Realism or Unrealism
1. The international system is anarchical.
- Dismissal of the independent influence of international organizations, sub-state, or trans-state actors.
- Focus on the primary importance of nationalism, as opposed to sub-national groupings, or transnational ideological of cultural groupings.
- Distrust of long-term cooperation or alliance.
4. The overriding goal of each state is its own security and survival.
- Fundamental nature of the security dilemma.
- Focus on relative power (i.e. "zero sum") versus absolute power.
One aspect I noticed about Realism is nowhere does the individual mentioned. Everything is about the state – nothing about the individual. This neglect of the individual is the main flaw of Realism. And it is the reason we are in the trouble we are in.
Realists’ strongest argument is that their philosophy is based on pragmatism, functionality and is not pie in the sky idealism. By supporting the status quo - realists hope to maintain stability. If that means supporting tyrants and dictators at the cost of individual’s liberty, they consider it worth the price. Being a utilitarian, I have to concede that the realists are right that chaos and anarchy is dangerous and everything should be done to prevent them. And if the benefit does not clearly outweigh the cost, idealism of democracy and freedom is nothing but an unworkable idea – pie in the sky.
But does the policy of realists prevent chaos and anarchy? I argue that the realist foreign policy does not prevent chaos and anarchy. It seems to provide stability, but only in the short term. In the long term, it compound the instability and make it more certain that instability will occur – and at great scale.
Supporting dictatorship for the sake of stability is like using the pressure cooker. You hold in the steam in the short run. But in the long run, the pressure will result in uncontrollable explosion. If the realists are correct, September 11th would never happen, and we would not be fighting the war on terrorism. In fact, the policy of realism gave birth to Osama Bin Laden, Abu Musab Al-Zarqawi and million of angry Islamists wiling to blow themselves up.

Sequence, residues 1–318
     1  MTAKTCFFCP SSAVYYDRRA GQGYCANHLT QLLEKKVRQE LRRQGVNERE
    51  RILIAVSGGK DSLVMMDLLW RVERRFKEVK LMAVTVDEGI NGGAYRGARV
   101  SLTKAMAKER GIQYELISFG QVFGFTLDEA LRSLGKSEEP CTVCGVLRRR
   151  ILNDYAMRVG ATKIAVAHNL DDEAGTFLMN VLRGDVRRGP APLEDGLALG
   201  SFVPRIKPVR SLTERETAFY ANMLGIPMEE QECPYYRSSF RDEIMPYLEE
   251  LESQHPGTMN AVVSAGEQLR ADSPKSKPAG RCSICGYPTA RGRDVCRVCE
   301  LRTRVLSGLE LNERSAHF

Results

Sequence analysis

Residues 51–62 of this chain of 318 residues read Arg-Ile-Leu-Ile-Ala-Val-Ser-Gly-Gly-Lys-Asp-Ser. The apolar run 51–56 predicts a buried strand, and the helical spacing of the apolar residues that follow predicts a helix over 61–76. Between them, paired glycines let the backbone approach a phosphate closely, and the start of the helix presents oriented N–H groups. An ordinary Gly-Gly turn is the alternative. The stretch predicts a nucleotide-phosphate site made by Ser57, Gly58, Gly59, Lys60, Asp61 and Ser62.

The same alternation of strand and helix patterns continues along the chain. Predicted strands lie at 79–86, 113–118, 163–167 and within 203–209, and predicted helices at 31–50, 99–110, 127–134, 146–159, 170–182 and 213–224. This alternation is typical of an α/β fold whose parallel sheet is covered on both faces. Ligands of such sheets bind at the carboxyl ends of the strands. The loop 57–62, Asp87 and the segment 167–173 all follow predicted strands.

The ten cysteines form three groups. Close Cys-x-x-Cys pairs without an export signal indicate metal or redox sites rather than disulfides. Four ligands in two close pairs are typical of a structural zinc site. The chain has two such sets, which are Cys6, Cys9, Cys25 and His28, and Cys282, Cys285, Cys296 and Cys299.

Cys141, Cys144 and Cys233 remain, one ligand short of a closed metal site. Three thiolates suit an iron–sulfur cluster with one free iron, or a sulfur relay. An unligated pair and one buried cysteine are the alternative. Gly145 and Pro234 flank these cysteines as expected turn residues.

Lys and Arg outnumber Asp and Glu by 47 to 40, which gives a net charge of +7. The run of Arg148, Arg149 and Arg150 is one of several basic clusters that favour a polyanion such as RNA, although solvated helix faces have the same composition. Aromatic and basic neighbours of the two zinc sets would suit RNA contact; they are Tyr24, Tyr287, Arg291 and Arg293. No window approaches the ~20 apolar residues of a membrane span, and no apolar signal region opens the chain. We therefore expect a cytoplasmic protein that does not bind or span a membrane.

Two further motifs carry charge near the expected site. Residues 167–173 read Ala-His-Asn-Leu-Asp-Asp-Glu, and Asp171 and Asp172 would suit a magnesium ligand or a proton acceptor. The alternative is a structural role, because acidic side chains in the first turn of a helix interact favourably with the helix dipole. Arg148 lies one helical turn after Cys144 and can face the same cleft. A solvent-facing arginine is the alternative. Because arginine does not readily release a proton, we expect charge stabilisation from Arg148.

The evidence on the failure of realism is clear, especially in the Middle East. If supporting the modern Pharaoh Mubarak put a lit on Islamic terrorism, why are so many Islamic terrorists are Egyptians? I have no doubt that Mubarak is sincere in oppressing the Islamists. It is in his self-interest to do so. But he fails miserably. The Islamic Brotherhood is more popular now than ever in Egypt. Egyptian society is now more fundamentalist than decades ago. Clearly, tyranny is the wrong medicine for the religious fanaticism malaise. If anything, it is a booster for religious fanatics. Oppression turns religious extremists into martyrs instead of laughing stocks.
A good comparison is the US, and the West, we have our own nutcases ranging from the Ku Klux Klan to the various Christian fundamentalist cults. But none of them are receiving popular support the way Islamists are receiving support in the Middle East. In fact, in our society, they are the subject of ridicule in our society. We do not oppress them (as long they do not resort to violence), so they became laughing stocks and not martyrs.
So if realism does not promote international stability – which is it sole purpose – what use does it have? Realism is an oxymoron - an ideology that base on utilitarianism, but is useless. If realism does not work, let give liberalism a try. (And I am referring to classical liberalism that value individual liberty, not the socialist misnomer that is commonly used). Unlike realism, liberalism has a better track record. It works miraculously in the West and in emerging democracies of the Pacific Rims and India. It has not produced any fanatics who flew planes into building. Let give it a try in the Middle East.